Lip service only is paid to the fact that the biographical subject was always the member of surrounding and overlapping groups of people, alive and dead. Modern biography at times seems to have learned almost nothing from history, sociology or even psychology, all of which constantly stress the impossibility of telling any kind of truth about individuals divorced from the impingeing lives and histories of other individuals.
We write biographies of individuals as islands: Scholarly biography of Wordsworth and Coleridge has been bedevilled by a need to concentrate defensively upon the person about whom the biography is being written.
Actions are interrupted, justified, explained and explained away from the point of view of the central figure: The practice of elevating one figure over the other has dominated Coleridge and Wordsworth biography for decades; to some extent because the very closeness of the two writers was later wrecked by savage disagreement. In his two-volume biography of Coleridge, Early Visions and Darker Reflections Flamingo,Richard Holmes, a passionate defender of Coleridge, locates the poet's "emergent feelings of rivalry with Wordsworth" to autumnand gives an account of how Coleridge's poem Christabel came to be excluded from the second edition of Lyrical Ballads, which Coleridge and Wordsworth put together that year.
Molly Lefebure, in her Sarah Coleridge biography The Bondage of Lovealso savagely attacked Wordsworth for his "dismissal" of Coleridge as a poet, and concluded: Holmes describes how, at the end of OctoberColeridge experienced "a complete writing block", and - like Lefebure - links the block to the damage Coleridge suffered from the rejection of Christabel.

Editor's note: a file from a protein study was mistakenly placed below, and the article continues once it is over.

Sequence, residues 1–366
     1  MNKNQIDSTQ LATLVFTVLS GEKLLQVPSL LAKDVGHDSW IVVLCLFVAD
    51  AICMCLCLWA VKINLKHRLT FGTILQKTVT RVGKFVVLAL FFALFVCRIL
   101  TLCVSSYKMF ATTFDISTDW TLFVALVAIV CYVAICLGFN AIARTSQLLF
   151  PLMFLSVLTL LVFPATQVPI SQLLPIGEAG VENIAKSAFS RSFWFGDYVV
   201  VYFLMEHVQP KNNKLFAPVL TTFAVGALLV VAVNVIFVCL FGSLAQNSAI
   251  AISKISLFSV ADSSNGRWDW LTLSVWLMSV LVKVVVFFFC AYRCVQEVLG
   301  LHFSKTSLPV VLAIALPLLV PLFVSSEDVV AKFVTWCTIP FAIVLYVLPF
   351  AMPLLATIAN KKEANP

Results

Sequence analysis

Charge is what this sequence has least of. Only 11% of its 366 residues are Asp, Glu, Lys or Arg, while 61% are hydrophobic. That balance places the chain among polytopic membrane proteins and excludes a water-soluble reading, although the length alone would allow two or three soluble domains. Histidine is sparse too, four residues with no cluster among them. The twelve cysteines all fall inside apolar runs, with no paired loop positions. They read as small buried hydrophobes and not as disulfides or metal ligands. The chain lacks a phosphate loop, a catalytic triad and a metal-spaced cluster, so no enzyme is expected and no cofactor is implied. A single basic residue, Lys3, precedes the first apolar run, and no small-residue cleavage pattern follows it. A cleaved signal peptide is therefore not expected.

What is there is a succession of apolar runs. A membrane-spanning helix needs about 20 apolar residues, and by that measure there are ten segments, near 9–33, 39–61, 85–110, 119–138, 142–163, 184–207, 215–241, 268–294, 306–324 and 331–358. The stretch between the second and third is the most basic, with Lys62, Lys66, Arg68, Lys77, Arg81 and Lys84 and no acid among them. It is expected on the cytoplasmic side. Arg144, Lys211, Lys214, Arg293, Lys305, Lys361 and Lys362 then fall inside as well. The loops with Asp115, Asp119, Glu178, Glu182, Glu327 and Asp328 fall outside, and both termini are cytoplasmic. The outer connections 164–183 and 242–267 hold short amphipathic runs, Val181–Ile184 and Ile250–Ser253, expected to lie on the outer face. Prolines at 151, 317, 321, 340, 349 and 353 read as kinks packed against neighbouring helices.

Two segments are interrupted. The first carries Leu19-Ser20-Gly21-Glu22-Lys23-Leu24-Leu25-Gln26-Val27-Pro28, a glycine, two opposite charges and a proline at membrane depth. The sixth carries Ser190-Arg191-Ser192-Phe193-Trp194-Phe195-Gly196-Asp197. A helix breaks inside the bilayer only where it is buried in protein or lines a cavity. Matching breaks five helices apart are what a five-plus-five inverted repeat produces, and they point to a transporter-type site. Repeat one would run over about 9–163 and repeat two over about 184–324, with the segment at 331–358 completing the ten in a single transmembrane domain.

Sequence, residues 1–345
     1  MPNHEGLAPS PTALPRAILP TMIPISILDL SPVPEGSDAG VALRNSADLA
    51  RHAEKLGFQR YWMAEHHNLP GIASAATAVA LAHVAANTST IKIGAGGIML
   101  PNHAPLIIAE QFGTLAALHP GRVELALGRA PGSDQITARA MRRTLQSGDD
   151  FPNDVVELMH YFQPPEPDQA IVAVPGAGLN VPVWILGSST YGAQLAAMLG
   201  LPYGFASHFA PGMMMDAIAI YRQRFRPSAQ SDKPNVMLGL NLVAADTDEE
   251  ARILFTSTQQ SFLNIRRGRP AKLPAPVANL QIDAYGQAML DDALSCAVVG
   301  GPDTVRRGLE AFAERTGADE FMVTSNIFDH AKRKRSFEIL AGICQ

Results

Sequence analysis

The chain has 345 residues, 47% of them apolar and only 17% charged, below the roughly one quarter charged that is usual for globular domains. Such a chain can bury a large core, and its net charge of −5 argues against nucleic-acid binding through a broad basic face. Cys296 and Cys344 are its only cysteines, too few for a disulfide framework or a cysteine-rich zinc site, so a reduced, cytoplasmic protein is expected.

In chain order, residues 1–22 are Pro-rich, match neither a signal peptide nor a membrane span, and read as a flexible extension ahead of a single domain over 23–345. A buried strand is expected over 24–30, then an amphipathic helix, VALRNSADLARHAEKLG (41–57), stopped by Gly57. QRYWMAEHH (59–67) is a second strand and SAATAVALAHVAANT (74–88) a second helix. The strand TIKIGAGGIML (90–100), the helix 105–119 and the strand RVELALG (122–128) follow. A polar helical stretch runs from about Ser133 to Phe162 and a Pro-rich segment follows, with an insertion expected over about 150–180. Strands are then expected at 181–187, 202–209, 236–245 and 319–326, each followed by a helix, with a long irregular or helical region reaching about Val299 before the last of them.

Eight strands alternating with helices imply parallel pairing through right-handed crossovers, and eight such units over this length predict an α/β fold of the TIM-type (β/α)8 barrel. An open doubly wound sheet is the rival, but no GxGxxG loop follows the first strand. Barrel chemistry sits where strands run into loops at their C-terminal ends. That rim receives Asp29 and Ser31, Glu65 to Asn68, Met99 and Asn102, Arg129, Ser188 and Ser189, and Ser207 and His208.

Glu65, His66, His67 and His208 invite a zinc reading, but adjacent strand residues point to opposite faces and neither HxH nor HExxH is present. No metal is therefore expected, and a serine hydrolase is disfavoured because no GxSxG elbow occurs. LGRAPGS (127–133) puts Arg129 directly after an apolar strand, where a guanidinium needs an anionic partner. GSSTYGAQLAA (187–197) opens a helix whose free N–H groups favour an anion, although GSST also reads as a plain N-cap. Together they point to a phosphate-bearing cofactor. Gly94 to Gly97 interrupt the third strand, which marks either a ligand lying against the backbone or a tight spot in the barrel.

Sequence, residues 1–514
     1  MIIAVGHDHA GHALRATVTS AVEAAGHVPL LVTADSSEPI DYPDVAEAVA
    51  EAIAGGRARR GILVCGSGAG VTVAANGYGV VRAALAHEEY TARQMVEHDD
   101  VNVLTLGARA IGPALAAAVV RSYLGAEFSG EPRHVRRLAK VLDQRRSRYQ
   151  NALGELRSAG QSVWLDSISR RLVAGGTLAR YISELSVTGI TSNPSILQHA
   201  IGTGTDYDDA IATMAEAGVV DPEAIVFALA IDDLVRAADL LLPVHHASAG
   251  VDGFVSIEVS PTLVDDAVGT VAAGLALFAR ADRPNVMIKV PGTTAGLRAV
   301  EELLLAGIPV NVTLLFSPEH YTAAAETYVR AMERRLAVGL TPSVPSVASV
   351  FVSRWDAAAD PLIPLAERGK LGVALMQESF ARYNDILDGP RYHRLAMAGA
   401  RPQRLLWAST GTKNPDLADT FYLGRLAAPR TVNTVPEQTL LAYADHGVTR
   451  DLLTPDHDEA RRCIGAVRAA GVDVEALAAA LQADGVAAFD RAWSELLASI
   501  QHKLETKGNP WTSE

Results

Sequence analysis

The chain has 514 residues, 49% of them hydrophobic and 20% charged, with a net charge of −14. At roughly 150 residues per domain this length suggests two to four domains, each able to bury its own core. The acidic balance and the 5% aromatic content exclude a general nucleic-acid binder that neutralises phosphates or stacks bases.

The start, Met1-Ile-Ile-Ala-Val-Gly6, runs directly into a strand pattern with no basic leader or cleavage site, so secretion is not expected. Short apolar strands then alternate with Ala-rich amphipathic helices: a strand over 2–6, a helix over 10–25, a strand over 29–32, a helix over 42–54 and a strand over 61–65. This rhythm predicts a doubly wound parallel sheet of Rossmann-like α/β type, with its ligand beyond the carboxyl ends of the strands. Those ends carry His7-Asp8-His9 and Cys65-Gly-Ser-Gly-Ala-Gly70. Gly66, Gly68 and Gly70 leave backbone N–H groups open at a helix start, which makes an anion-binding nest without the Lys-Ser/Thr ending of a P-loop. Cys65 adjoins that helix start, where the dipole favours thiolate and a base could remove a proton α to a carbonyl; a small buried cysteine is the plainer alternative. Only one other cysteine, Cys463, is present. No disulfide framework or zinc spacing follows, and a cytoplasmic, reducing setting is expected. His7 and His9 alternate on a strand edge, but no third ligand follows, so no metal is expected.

- The Poets' Daughters: Dora Wordsworth and Sara Coleridge by Katie Waldegrave – review
- Coleridge v Wordsworth: the truth
Lefebure goes further and states that Wordsworth's behaviour to Coleridge "contributed significantly to They all write from the point of view of defenders of Coleridge; and this makes them critical of Wordsworth. The evidence for all their statements are some remarks in Coleridge's correspondence, and Dorothy Wordsworth's journal, describing Coleridge's visit to Town End, the house rented by the Wordsworths in Grasmere.
The complete record of the visit in the journal is as follows: Coleridge came in while we were at dinner very wet. We talked till 12 o'clock - he had sat up all the night before wrting Essays for the newspaper the Morning Post. His youngest child [Derwent] had been very ill in convulsion fits Exceedingly delighted with the 2nd part of Christabel.